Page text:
Sugar millers seeking higher export volumes for US
THE Philippine Sugar Millers Association (PSMA) has proposed to the Sugar Regulatory Administration (SRA) to allocate 7 percent of the next crop year’s projected 2.19 million metric tons (MMT) output for export to the United States in order to minimize high carry-over stocks, as pandemic lockdowns dampen local demand.
In a position paper submitted to SRA Administrator Hermenegildo R. Serafica, PSMA President Pablo L. Lobregat outlined why the group is pushing for a higher “A” quota allocation
in the next crop year 20202021, when local production is projected to reach a four-year high.
The SR A allocated 5 percent of the sugar production in the current crop year 2019-2020 for export to the US.
SRA earlier disclosed it expects sugar output in the next crop year, which starts on September 1, to increase by 2 percent from the current crop year’s 2.145 MMT volume.
Lobregat explained that they recommended a 7-percent US quota sugar allocation to “reduce the high carry-over stocks of both raw and refined sugar” for the incoming crop year.
Based on the estimates of PSMA, the country would enter the next crop year with a carry-over stock of about 678,460 metric tons (raw sugar equivalent).
“Unless this volume is brought down in crop year 2020-21, it shall be a perennial carry-over for the succeeding crop years,” Lobregat said in his letter dated August 24.
“Hence, with a slightly higher ‘A’ allocation of 7 percent, the carry-over is shown to go down to 541,986 metric tons by August 31, 2021, notwithstanding a higher estimated production of 2.19 million metric tons and a same volume of sugar demand projected for crop year 2020-21 with the current crop year,” he added.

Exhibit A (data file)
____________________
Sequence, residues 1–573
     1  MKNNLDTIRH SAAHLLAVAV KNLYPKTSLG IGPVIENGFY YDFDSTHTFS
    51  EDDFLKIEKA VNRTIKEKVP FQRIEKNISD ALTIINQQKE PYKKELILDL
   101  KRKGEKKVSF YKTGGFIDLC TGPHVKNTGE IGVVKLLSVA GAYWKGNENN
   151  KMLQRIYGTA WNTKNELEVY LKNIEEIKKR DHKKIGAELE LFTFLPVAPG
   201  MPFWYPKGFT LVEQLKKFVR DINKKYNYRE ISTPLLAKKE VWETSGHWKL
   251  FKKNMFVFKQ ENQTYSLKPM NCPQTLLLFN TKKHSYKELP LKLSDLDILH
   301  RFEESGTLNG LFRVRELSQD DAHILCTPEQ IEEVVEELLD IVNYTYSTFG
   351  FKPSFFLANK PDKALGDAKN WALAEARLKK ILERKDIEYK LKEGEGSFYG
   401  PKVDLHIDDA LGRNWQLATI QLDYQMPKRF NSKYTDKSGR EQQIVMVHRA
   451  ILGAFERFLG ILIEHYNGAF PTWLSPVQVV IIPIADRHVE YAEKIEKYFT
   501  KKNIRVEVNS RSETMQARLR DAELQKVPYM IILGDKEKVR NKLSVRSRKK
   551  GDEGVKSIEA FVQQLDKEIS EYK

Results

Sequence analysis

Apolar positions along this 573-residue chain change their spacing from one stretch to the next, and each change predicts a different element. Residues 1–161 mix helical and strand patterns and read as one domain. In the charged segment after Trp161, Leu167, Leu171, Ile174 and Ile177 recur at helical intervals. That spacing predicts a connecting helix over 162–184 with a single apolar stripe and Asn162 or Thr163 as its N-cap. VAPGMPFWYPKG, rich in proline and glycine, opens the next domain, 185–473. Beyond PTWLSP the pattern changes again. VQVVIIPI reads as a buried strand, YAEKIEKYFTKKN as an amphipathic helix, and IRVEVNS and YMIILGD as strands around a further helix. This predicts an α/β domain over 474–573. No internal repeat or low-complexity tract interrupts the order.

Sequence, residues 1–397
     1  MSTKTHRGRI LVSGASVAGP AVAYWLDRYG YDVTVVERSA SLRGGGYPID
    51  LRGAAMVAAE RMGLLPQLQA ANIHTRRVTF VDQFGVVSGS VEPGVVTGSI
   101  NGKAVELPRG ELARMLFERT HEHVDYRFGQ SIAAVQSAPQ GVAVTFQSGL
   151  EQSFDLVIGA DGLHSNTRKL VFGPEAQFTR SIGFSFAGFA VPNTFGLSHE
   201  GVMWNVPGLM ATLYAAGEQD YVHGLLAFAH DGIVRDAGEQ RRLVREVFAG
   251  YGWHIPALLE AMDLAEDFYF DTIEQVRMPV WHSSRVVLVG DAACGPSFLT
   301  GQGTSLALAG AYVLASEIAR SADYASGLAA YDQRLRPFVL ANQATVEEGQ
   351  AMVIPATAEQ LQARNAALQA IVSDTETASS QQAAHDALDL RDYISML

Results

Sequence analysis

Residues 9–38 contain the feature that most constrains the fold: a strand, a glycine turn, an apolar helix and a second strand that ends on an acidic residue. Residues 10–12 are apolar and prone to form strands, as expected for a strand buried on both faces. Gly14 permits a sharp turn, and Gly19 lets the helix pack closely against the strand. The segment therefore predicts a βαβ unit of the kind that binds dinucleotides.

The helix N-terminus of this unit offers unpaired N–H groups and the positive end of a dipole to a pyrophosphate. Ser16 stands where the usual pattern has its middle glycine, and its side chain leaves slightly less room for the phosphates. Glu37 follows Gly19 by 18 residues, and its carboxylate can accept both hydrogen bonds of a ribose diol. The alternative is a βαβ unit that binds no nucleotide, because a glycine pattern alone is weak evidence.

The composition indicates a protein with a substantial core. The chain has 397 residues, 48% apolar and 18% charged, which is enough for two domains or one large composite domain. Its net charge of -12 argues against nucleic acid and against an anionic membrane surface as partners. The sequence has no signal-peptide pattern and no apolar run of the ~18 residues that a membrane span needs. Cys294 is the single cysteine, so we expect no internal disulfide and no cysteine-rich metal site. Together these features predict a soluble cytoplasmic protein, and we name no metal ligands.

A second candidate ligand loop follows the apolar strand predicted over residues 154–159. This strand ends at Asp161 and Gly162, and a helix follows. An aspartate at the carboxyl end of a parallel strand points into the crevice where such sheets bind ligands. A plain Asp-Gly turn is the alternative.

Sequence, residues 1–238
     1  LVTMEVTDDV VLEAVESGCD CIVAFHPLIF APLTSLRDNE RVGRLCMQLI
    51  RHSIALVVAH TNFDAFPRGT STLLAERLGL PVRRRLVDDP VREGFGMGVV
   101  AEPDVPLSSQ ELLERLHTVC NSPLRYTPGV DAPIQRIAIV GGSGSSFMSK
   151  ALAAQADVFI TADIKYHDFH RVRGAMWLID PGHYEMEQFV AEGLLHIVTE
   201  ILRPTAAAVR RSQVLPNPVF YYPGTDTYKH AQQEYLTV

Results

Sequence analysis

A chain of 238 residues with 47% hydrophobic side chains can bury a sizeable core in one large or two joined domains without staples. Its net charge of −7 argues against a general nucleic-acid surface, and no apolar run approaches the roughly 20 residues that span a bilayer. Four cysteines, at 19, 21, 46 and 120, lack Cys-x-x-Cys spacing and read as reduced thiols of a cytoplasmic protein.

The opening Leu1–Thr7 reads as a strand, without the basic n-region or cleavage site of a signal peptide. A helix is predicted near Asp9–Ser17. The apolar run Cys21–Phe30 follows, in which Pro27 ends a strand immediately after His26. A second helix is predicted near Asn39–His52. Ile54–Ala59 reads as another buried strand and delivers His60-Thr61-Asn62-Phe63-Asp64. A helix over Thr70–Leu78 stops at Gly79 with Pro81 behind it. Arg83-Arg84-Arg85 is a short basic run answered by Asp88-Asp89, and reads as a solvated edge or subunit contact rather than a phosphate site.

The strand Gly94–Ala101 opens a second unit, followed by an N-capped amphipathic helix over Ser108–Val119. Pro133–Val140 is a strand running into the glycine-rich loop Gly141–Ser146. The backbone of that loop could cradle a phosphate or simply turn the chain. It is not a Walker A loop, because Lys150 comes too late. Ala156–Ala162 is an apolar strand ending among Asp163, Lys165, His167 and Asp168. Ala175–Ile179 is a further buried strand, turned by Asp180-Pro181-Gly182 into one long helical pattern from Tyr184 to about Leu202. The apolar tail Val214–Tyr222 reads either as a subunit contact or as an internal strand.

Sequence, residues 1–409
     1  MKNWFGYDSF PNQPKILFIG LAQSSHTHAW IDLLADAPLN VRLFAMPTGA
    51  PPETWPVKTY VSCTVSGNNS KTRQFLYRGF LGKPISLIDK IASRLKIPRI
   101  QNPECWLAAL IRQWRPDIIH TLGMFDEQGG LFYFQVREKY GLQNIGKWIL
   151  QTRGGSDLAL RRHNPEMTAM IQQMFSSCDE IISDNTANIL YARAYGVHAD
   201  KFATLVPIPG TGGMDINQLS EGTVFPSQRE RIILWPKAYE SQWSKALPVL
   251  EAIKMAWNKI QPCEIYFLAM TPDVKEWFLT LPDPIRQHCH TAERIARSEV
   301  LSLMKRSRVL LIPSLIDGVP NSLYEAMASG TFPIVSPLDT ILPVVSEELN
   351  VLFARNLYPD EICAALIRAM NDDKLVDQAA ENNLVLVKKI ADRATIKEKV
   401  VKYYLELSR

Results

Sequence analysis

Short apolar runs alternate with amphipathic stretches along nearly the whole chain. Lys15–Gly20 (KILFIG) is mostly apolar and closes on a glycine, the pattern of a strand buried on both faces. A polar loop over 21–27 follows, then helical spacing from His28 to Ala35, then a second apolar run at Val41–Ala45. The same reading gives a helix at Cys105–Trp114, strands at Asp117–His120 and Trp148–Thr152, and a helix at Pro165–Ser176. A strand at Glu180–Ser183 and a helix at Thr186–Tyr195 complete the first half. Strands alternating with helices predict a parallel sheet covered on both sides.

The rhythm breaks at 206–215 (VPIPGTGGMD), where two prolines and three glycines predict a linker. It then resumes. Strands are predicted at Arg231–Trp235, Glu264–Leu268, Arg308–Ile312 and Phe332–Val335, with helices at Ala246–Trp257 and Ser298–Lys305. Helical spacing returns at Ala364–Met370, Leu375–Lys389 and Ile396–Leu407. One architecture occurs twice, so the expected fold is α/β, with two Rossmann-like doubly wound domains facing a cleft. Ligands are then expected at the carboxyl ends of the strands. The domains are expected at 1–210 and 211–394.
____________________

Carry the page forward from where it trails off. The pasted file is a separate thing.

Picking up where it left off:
Based on PSMA’S computations, the country would have a 13,884 carry-over “A” sugar in the incoming crop year. A 7-percent A sugar allocation would mean about 153,300 MT of locally produced sweetener next crop year would be exported to the US, making total volume available for shipment at 167,184 MT.
This means if the Philippines would ship the almost 137,000 MT raw sugar to the US under its quota, then Manila would still have a remaining “A” balance of 30,184 MT, according to PSMA’S letter.
“An ‘A’ allocation of 7 percent puts the Philippines in a better position for an additional quota in April next year by preparing the volume as early as now,” Lobregat said.
“The 30,184 metric ton’s ‘A’ ending balance by August 31,2021, provides the country with a ready volume when an additional quota will be announced,” he added.
Furthermore, Lobregat explained that a higher “A” allocation will help the industry move sugar supplies “to an available market— the crucial US market—instead of remaining in warehouses” amid a tepid domestic demand.
Lobregat noted that the pandemic-induced restrictions on mass gatherings limit weddings, birthdays, and fiestas, wherein “huge quantities of sweetened products and beverages” are consumed.
The PSMA chief added that demand from restaurants remained lackluster as customers are limited by social distancing and quarantine pass requirements.
This, Lobregat pointed out, has resulted in “severe reduction in economic activities, particularly sales of sugar-based products.”